Reconditioning an old old guitar that breaks ALL the rules of what a fine instrument should be

I picked up an EKO Rancher XII today… and by ‘picked up’ I mean when I bought it I almost got a hernia. The thing weighs 7+ pounds. It ws made in the 1960’s or early 70’s.

 

I have been looking around for an inexpensive 12 string for awhile and playing a bunch. I can honestly say this 50 year old thing is the best sounding and best playing 12 string guitar I tried out over the last week. The only thing is, it shouldn’t be. Everything is wrong on this guitar and yet it all conspires to make it just right.

It’s a 50 year old 12 string. Guitars warp insanely or just collapse after 10 or 15 years of fighting all that string tension. This one has no warpage and the action is perfect. There are cracks in the lacquer and normal scuffs. Otherwise it’s fine.

The top is not solid spruce or solid cedar or solid anything. It’s plywood. Plywood sounds bad, as a rule. Plywood usually sounds dead, bcause glue doesn’t resonate. This sounds great though. The notes are articulate and airy.

The neck is bolt on. That’s rarely done in acoustic guitars. It can affect sustain. This guitar rings all day long, though. There’s also a little shim underneath altering the angle of the neck,  so the neck isn’t even in full contact with the neck block. This should also adversely affect sustain. It doesn’t on this guitar.

Other weirdness: It also has a brass I-beam running through its entire length. I guess that’s why it’s heavy, and also why it survived 50 years without twisting or taco-ing.  The trapeze tailpiece also helps the guitar’s integrity– the top is only fighting down pressure, not torque or pulling. So the top hasn’t collapsed.

It has a ‘zero fret’.  People have looked down on zero frets for decades. This one works fine, the action is low as can be and does not buzz at all.

The saddle and nut are made of aluminum. I’ve never seen that. Nobody uses aluminum.

The saddle adjusts with 2 big screws that twist into brass ferrules in the body. Very poor practice as a rule. The saddle should rest on the full width of the bridge to tranmit vibration into the guitar’s top. This one only transmits the sound through the ferrules. It’s wrong;  This guitar makes it work.

 

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At some point, somebody recoated the lacquer with some thick clear stuff, of the kind you use when you want to put a deep, thick coat on a bar and inset pennies in it in a tavern somewhere in northern Wisconsin. By rights, this thick lacquer should kill any resonance the plywood top has. But it doesn’t.

While I was shopping for inexpensive guitars, I did play expensive ones to get some idea of where price and sound intersected with these. This thing is a joy to play and sounds better than an 1800.00 Taylor 456e I tried, a Larrivee 12 string that cost 2400.00, 2 different 500.00 Guilds, and a vintage Harmony Regal. This one cost 300.00. SCORE!

This thing just shouldn’t sound good but it does. It’s a wonderful guitar. I’m adding a Fishman under-saddle pickup and then it’s going to play out sometime.

Guitars are magic and sometimes it all comes together when it shouldn’t. When the magic happens, it’s worth taking note of.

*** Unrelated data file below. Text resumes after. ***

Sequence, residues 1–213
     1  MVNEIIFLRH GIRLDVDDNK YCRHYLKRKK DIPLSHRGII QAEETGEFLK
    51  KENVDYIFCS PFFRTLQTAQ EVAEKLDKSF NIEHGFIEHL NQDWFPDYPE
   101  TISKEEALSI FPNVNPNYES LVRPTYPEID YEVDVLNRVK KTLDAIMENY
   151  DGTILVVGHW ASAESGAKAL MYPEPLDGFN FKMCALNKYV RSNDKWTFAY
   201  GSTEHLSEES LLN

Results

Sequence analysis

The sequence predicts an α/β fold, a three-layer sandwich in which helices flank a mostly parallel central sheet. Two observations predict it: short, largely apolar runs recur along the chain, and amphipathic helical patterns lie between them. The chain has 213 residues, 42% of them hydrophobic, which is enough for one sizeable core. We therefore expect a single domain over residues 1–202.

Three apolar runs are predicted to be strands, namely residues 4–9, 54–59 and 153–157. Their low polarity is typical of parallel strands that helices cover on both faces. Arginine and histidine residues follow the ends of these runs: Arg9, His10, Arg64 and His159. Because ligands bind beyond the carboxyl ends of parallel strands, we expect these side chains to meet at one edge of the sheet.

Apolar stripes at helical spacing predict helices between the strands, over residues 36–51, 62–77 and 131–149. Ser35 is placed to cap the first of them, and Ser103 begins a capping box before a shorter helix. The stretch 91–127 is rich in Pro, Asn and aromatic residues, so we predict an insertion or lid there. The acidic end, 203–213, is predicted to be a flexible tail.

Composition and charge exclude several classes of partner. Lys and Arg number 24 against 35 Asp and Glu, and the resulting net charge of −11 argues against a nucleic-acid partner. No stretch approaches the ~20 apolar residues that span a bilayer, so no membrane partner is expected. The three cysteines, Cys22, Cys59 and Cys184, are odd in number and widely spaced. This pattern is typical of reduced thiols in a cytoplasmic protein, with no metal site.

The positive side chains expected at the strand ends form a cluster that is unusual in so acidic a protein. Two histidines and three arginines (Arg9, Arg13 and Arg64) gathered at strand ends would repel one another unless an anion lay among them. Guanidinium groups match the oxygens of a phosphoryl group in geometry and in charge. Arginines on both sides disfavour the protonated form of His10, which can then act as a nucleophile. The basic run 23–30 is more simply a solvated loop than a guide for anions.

Affixing the bridge, while making sure intonation is dead-on correct

I put the bridge on the guitar today. Because accurate bridge placement is crucial to making sure the guitar plays in tune all the way up and down the neck, it’s something you need to get right the first time.  I have a trick.  I don’t think anybody else does it this way.

When I install a bridge, it’s actually almost the last step in building the guitar. I’ve finished the body, except for a patch where the thing gets glued on. To determine the exact spot the bridge needs to lie, I’ve dummied up some temporary devices.

  • I temporarily attach a trapeze tailpiece to the guitar so I can anchor the strings.
  • I actually string up the low and high E and tune them up to pitch. Notice, the bridge is not secured to the top at this stage except by string tension. The two little blocks you see are to make sure that the string spacing is correct at nut and saddle since everything’s floating free.
  • I test the tone with the open strings and tune them with an electronic tuner to be precisely E (low and high). I then fret each string at 12 and make sure it is exactly E, but one octave higher. I can adjust the intonation by moving the bridge fore and aft, until it is dead on with both strings. I won’t accept even a penny’s variation.
  • I also slide the bridge back and forth across the belly of the guitar so the strings lie correctly athwart the neck.
  • When I am satdfied the bridge is EXACTLY where it needs to be, I box it in with painter’s tape.
  • I take the strings and trapeze off, and drill 2 tiny holes whee the bridge pins are going in at the 2 E strings.
  • Using glue, 2 wood screws, and clamps, I glue the bridge down.

That’s it. Any variation in intonaton that i find during final setup can be addresed by beveling the saddle one way or the other, strng by string. This mounting method is accurate enough that I find I have no issue with the final tweaks.

The area the bridge needs to attach to is unfinished.
temporary trapexe attachment